Likely five more years until free skin checks return

LIFE SAVER: Colin Beauchamp AM has been volunteering as a dermoscopist with the Lions Club for 27 years.
LIFE SAVER: Colin Beauchamp AM has been volunteering as a dermoscopist with the Lions Club for 27 years.

A team of five volunteers may have saved the lives of many Katherine residents. 

About 30 people in Katherine have been told they have possibly life threatening skin spots and need to visit their doctor.

Another 28 were refereed to their GP for further investigation when the Lions Club offered residents free skin cancer checks this week.

Appointments were completely booked out before the van even pulled into town.  

About 100 people were left on a  waiting list and it could be another five years before free checks are available in town again.

Colin Beauchamp AM has been volunteering as a dermoscopist with the Lions Club for 27 years and said this is the first with the mobile van has come to the Northern Territory. 

“There are about 120 Lions Clubs in this group and we get about 30 to 40 requests each year so that is an average return rate of five years,” Mr Beauchamp said. 

“The first patient we had in Katherine had a lesion that looked life threatening to me.

“I don’t think I have ever been to a screening that was not booked out and we see about 100 to 110 people each day.”

In Katherine, 163 cancers were diagnosed between 2012 and 2014.

That equates to about one per week. 

The most common cancer was found in the breast (24), followed by lung (21)  and bowel cancer (20). 

While the screenings could not diagnose skin cancer, the volunteer health professionals were able to refer any people with suspect spots to their doctor for further assessment and treatment if required.

“We do not offer treatments or diagnosis we just do referrals to GPs,” Mr Beauchamp said.

“The referral rate is about 29 per cent.”

Mr Beauchamp said he had already seen two or three lesions in Katherine that had probably been left too late. 

“None of the lesions we diagnose are confirmed until they get results from a pathology test but 99 per cent of the time we know what it is,” he said. 

“You can get skin cancer wherever you have skin, the soles of your feet and the palm of your hands are the most aggressive, but you can get skin cancer on the inside of your mouth, the tops of your ears, your head, you do not need direct sunlight.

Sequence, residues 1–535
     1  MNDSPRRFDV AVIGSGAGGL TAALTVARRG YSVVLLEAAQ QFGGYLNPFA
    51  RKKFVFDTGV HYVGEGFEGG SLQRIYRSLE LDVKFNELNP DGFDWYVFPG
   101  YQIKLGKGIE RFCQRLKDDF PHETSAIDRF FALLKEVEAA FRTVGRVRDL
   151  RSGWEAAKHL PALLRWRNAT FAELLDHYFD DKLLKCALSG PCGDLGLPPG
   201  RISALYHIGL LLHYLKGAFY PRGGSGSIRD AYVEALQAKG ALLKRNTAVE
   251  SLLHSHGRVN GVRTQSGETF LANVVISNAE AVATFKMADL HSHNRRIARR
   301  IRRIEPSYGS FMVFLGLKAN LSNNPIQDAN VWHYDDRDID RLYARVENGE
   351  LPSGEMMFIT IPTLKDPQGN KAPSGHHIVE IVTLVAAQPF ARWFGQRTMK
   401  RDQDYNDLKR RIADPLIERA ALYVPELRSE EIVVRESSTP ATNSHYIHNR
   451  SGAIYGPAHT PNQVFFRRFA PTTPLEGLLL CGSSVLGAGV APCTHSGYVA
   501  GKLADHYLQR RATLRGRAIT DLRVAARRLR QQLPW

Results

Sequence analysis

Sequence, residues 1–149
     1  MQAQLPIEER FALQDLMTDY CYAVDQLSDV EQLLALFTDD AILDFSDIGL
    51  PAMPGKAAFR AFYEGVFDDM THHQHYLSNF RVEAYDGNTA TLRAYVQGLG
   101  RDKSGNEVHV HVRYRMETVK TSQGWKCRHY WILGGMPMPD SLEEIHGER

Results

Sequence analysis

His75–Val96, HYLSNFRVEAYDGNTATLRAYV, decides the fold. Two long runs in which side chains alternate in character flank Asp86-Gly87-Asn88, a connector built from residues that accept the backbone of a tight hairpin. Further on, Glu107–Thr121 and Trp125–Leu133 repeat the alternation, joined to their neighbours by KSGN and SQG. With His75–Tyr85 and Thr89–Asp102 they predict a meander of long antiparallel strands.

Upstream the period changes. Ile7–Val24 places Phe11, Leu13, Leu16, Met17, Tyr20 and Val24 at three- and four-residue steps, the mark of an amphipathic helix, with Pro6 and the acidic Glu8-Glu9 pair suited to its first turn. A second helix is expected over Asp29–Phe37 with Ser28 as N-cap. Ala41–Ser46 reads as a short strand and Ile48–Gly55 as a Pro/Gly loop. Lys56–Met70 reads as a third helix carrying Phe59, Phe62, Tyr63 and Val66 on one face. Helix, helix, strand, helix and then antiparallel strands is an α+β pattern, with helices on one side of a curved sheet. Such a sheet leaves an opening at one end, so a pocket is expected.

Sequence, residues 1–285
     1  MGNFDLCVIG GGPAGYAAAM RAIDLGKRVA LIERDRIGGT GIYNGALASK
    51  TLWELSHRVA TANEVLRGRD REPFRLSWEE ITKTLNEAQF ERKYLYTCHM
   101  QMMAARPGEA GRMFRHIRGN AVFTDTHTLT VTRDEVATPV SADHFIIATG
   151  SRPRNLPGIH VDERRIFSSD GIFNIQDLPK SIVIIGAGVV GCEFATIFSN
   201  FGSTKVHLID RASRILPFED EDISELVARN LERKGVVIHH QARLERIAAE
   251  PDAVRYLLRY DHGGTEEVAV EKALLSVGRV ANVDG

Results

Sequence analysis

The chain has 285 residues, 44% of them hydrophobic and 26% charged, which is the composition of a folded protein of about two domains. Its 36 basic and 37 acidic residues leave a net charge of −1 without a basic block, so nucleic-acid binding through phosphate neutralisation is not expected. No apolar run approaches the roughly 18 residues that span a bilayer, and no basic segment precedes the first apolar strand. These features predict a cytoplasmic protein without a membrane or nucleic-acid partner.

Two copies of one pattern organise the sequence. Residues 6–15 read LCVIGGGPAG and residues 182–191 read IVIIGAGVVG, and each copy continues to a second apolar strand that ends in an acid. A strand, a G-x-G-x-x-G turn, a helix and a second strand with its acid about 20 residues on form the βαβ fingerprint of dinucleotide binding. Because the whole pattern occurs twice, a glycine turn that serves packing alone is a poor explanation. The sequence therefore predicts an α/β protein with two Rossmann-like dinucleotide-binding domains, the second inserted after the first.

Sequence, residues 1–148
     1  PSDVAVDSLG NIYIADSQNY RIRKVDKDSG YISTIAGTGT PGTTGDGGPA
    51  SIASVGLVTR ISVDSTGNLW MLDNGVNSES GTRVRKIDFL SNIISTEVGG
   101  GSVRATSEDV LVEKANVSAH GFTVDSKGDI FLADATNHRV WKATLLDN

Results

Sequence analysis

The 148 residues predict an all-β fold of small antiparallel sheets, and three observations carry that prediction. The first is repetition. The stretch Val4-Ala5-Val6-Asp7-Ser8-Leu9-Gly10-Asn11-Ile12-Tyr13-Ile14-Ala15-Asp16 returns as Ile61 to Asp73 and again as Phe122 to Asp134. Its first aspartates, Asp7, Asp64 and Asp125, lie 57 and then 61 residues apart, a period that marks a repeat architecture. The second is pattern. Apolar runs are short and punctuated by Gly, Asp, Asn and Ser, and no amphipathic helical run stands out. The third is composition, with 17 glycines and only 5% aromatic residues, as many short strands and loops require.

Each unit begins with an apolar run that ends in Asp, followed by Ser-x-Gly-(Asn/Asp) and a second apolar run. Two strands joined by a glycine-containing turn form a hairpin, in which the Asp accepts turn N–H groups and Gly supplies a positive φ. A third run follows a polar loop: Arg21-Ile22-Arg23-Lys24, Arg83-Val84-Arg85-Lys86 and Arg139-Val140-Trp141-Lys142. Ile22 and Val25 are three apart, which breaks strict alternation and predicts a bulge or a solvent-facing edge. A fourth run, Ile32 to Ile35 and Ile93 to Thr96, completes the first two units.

“A big misconception is that skin cancer is an oldies disease but the incidence rate in 20 to 40-year-olds is one in 18, so it is not just an oldies disease,” Mr Beauchamp said.

Eighty-seven men and 141 females were seen by the volunteer skin specialists.

“There are always more women than men and a lot of the men come because they have been told they need to, the guys ignore it.”

THANK YOU: Lions volunteers Andy Sayers, Marilyn Millar, Colin Beauchamp, Siva and Chris Lowings.

THANK YOU: Lions volunteers Andy Sayers, Marilyn Millar, Colin Beauchamp, Siva and Chris Lowings.

Father and son John and Darcy Lye stopped by the clinic for a quick checkup this week. 

“We just heard about it and thought it sounded like a great idea,” Mr Lye said. 

“The Lions have done a really good job putting this on, and it is important to get checked, the NT sun is so strong, skin cancer is a big thing up here. 

Mr Lye said he probably would not have made an appointment with his GP specifically to get his skin checked.

“If I am already going to the GP then I think I might as well get checked but otherwise probably not. 

John’s son Darcy Lye is back to visit his family in Katherine on his university holidays. 

“I just got into town and I was old I was booked in,” Darcy Lye said. 

He said there was “no chance” young people would take the initiative to get checked on their own. 

“They are lazy and you do not assume it will happen to you because you don’t really know anyone with cancer but as you get older more people you know get cancer so you probably take it more seriously.”

Katherine Lions Club president Stephen McKenna said two in three Australians will develop skin cancer before the age of 70. 

“We are also four times more likely to develop skin cancer than any other form of cancer, more than 1890 Australians die each year from skin cancer,” Mr McKenna said. 

Gorge Health practice manager Judy Spafford said the clinic is equipped to check for skin cancer. 

“If they cannot make it in to see someone at the van, all of our doctors can do skin checks. 

“If people are referred to us from the van we will do our best to accommodate them, we are here for the people of Katherine.”

A spokeswoman from the health department said people should not go to the emergency department if they want to get their skin checked

“We encourage people to see their primary health care provider such as their GP,” the spokeswoman said.